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Illustration: Rebecca Zisser/Axios

A very small group of patients with major illnesses is responsible for an outsized share of health care spending, and new data show that prescription drugs are a big part of the reason their bills are so high.

The big picture: Among people who get their coverage from a large employer, just 1.3% of employees were responsible for almost 20% of overall health spending, averaging a whopping $88,000 per year.

Between the lines: “Persistently high spenders” are people who have accumulated big health care bills for at least 3 consecutive years.

  • They often have HIV, MS, cystic fibrosis, rheumatoid arthritis, diabetes, cancer and other serious conditions requiring frequent and often costly care.
  • Drugs are lifesavers for these patients, but also big offenders when it comes to costs.

By the numbers: Prescription drugs account for about 40% of this group’s costs, not counting rebates — compared with just 10% for the country as a whole. 

  • Their bills just for prescription drugs average out to about $34,000 per year. That’s much more than the average premium for family coverage.

Why it matters: These are exactly the people our insurance system is failing. They have insurance and a major illness, but still struggle with their medical bills as deductibles and other out-of-pocket costs keep rising faster than wages.

One solution might be to exempt this small group of high spenders with serious illnesses from drug or other copays, and limit their deductibles.

  • Congress is also considering proposals to lower the cost of the most expensive drugs, which could make a dent in both employer and employee spending for this population.

The bottom line: I have had family members in the 1.3%. 

  • I know from experience as well as the data that we should take care not to sacrifice needed care as we try to reduce spending for this small group of very high spenders with complicated medical needs.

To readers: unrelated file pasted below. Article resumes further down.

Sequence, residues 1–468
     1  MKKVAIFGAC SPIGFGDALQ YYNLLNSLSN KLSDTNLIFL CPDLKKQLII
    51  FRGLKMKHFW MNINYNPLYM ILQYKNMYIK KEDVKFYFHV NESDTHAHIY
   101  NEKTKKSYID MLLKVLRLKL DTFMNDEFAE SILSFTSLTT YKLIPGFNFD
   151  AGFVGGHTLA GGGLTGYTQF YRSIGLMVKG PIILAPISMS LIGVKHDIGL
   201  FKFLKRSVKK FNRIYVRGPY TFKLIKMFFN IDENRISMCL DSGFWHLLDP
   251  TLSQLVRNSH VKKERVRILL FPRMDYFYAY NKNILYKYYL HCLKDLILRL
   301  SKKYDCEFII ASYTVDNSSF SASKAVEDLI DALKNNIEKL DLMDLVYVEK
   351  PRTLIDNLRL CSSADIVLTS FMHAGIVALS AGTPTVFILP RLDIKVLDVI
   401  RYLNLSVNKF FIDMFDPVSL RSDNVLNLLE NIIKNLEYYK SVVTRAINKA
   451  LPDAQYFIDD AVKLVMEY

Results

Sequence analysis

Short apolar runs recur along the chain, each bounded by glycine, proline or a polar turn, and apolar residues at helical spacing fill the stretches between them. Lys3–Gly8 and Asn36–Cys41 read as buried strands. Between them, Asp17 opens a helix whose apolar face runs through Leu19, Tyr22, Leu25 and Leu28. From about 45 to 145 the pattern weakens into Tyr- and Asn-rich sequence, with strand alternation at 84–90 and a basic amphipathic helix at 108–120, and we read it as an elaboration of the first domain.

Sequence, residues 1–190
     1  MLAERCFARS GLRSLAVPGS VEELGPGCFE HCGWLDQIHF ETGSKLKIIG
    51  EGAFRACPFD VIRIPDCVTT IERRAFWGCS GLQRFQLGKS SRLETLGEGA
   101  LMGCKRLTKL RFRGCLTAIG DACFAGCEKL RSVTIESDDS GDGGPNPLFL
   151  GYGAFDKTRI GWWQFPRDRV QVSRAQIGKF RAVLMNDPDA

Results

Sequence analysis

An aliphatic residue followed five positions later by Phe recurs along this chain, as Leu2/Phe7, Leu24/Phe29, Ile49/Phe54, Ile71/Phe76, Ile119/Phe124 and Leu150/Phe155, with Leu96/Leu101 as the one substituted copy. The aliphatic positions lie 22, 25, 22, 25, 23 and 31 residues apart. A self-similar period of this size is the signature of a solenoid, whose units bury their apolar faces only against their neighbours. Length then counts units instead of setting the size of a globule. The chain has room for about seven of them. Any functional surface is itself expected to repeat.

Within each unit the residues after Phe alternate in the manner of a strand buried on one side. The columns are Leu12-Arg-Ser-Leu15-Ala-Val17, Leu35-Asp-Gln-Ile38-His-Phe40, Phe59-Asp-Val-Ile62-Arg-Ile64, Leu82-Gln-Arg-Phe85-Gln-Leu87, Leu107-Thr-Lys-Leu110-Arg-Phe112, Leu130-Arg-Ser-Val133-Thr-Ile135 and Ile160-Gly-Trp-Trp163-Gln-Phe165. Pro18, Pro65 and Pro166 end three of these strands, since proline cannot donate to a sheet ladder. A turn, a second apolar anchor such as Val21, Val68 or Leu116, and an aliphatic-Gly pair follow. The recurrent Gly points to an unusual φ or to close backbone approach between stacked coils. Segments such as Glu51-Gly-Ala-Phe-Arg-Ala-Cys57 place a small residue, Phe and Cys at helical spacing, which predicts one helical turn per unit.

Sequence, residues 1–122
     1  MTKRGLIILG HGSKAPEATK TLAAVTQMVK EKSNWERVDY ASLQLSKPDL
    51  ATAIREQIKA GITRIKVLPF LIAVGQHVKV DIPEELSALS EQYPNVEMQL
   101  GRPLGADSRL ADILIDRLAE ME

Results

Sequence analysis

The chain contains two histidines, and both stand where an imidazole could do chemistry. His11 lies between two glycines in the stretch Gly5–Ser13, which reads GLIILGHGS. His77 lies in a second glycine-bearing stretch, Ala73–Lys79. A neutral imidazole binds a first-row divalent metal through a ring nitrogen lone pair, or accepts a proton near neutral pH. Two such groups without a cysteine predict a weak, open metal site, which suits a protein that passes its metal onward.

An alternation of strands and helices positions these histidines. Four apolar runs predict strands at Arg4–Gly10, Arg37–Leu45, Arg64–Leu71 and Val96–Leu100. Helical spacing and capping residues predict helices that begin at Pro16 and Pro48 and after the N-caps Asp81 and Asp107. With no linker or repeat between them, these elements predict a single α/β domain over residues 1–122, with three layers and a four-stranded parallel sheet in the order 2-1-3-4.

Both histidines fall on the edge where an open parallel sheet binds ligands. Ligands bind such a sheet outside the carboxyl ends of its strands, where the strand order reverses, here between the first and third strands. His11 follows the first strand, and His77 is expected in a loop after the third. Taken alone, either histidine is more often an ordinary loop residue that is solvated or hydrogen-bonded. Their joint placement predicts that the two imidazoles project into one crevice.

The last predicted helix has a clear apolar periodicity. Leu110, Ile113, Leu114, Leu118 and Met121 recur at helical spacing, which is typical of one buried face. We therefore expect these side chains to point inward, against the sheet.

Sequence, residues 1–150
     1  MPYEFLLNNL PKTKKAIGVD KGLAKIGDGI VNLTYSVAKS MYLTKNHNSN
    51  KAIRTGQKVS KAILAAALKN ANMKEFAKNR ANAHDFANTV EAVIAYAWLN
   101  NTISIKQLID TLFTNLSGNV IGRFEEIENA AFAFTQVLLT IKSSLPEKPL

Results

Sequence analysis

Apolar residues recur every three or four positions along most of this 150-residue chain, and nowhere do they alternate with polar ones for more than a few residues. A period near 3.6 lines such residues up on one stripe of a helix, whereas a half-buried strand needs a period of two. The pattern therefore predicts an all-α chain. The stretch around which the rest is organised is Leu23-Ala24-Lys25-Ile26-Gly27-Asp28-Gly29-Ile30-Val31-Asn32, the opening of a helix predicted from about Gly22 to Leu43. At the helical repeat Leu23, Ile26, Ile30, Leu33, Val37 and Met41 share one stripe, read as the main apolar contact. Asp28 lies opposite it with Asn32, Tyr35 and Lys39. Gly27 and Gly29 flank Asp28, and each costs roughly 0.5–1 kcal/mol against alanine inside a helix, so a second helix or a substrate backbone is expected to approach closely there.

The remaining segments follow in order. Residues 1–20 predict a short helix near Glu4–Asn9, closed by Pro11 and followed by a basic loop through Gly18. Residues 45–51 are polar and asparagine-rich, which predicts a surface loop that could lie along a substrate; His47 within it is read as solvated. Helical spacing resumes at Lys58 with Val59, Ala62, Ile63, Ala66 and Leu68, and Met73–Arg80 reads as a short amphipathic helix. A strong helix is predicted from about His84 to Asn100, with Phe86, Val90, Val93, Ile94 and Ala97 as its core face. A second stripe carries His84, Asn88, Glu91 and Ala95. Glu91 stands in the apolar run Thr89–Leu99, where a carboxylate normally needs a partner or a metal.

Go deeper

Air quality alerts issued as California fires threaten more sequoias

The Windy Fire blazes through the Long Meadow Grove of giant sequoia trees near the Trail of 100 Giants in Sequoia National Forest, near California Hot Springs, on Tuesday. Photo: David McNew/Getty Images

Two wildfires were threatening California's sequoia trees over overnight, hours after authorities issued fresh evacuation orders and warnings, along with air quality alerts on Wednesday.

The big picture: Officials in the Bay Area and the San Joaquin Valley issued air quality alerts as smoke from the Windy and KNP Complex fires resulted in hazy, "ash-filled" skies from Fresno to Tulare, the Los Angeles Times notes.

Asymptomatic Florida students exposed to COVID no longer have to quarantine

Florida Gov. Ron DeSantis during a September news conference in Viera, Fla. Photo: Paul Hennessy/SOPA Images/LightRocket via Getty Images

Florida Gov. Ron DeSantis (R) announced Wednesday an emergency order allowing parents to decide whether their children should quarantine or stay in school if they're exposed to COVID-19, provided they're asymptomatic.

Why it matters: People infected with COVID-19 can spread the coronavirus starting from two days before they display symptoms, according to the CDC. Quarantine helps prevent the virus' spread.

Federal judge: Florida ban on sanctuary cities racially motivated

Florida Gov. Ron DeSantis. Photo: Joe Raedle/Getty Images

A federal judge on Tuesday struck down parts of a Florida law aimed at banning local governments from establishing sanctuary city policies, arguing in part that the law is racially motivated and that it has the support of hate groups.

Why it matters: In a 110-page ruling issued Tuesday, U.S. District Judge Beth Bloom said the law — signed and championed by Gov. Ron DeSantis (R) — violates the Constitution's Equal Protection Clause because it was adopted with discriminatory motives.